PRIME Minister Kevin Rudd will try to ease voter concerns over Labor’s economic credentials and corruption in the NSW branch before heading to the polls.
Federal cabinet was meeting on Monday to put the finishing touches to a pre-election economic statement to be released on Thursday or Friday.
Mr Rudd is also expected to reveal how NSW Labor will clean up its act after federal party intervention.
The Independent Commission Against Corruption on Wednesday will hand down reports into former members of the previous NSW government, including Labor powerbroker Eddie Obeid.
The federal coalition believes the economy and the ICAC allegations are political weak spots for Labor, especially in NSW where there are 48 lower house seats.
Labor strategists say the economic plan will complete the four pre-election tasks Mr Rudd set himself, after earlier initiatives on carbon pricing, Labor party reform and asylum seeker policy.
Deputy Prime Minister Anthony Albanese, who is on the government’s expenditure review committee which met on Monday, said the economic statement would forecast a return to budget surplus in 2016/17 while maintaining growth and jobs.
“All of our actions will be completely consistent with the government’s approach of supporting a strong economy, supporting jobs, and supporting fairness,” Mr Albanese said.
The latest Galaxy poll puts Labor and the coalition neck-and-neck and on a two-party preferred basis and in terms of which side voters rate the better economic manager.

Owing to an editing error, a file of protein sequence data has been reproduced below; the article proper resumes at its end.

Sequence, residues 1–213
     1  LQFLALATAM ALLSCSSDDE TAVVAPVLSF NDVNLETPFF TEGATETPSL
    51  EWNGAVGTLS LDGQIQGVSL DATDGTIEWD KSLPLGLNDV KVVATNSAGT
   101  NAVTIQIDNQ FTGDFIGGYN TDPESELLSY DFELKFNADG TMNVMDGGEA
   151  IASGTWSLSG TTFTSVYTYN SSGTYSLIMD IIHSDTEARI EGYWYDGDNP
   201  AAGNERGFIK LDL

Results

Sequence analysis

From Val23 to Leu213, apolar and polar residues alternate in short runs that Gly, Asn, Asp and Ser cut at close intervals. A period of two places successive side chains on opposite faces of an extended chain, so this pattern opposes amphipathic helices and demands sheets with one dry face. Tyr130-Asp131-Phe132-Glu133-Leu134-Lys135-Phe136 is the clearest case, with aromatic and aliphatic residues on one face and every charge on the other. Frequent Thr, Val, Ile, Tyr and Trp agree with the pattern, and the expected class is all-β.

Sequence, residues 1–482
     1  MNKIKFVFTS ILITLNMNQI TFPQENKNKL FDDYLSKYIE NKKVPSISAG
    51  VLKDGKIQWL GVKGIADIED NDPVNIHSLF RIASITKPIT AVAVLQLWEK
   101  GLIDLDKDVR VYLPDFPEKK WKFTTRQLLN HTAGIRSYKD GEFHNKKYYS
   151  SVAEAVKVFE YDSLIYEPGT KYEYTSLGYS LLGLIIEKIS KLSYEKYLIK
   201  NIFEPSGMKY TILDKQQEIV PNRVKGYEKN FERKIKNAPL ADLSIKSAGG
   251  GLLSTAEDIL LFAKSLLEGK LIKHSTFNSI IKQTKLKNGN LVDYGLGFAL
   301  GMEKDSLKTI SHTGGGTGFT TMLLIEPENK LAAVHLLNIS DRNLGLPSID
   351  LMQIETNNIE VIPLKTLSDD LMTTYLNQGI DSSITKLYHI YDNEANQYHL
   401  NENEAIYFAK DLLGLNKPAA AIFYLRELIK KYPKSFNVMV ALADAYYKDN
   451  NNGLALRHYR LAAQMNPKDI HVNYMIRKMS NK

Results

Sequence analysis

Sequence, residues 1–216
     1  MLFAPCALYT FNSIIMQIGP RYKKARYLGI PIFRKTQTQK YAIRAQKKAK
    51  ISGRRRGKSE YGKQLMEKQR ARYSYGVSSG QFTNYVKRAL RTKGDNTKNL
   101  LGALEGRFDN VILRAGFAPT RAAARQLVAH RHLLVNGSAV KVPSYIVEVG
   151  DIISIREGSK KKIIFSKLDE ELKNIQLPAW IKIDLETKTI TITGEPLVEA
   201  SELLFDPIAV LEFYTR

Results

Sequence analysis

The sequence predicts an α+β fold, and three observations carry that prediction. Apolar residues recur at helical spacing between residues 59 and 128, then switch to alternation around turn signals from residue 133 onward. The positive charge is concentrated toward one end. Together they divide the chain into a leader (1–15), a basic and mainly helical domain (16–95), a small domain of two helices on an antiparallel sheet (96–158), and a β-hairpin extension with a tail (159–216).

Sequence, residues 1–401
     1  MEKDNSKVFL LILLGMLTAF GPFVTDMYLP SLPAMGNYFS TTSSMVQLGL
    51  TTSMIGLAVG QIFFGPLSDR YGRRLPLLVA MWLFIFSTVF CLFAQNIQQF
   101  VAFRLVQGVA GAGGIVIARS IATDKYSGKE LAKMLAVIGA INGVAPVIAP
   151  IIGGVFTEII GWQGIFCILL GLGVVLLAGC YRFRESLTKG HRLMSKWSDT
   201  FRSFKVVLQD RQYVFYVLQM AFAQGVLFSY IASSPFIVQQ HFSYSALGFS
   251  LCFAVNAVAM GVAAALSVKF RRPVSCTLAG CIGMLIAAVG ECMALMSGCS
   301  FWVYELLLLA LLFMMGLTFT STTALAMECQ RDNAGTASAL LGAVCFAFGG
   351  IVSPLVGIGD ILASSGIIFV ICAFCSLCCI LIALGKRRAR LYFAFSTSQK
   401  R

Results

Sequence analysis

But an Essential poll gave the coalition a 15-point lead in terms of managing the economy and a six-point lead on the primary vote.
Opposition Leader Tony Abbott said the Labor cabinet was “in a panic” over the state of the budget, which the government had mismanaged for six years.
“There are some people who are saying there needs to be expenditure restraint and there are others who are saying spend, spend, spend to try to buy the next election,” Mr Abbott said.
Mr Abbott said Labor needed to cut spending and roll out a plan to grow the economy.
If Mr Rudd decides on a September 7 election, it would need to be called by next Monday to cover the minimum 33-day campaign period.
Homing in on Labor corruption allegations, shadow treasurer Joe Hockey likened Mr Rudd’s party reforms to “putting lipstick on a crocodile”.
“The fact is that when you look carefully at your Labor candidates, look carefully for their deep association with Eddie Obeid and people that are part of the rotten family of Labor,” Mr Hockey said.
The issue is killing state Labor in NSW, with the latest Newspoll showing the coalition leading the ALP 61-39 on a two-party preferred basis.
On July 4, Mr Rudd gave NSW ALP secretary Sam Dastyari 30 days to report on cleaning up the party branch.
The rule changes sought by the prime minister include expulsion of any member found to be corrupt or engaging in improper conduct, a ban on property developers as candidates, a retired judge to oversee disputes, a complaints ombudsman and 50 per cent rank and file members on the powerful administrative committee. – AAP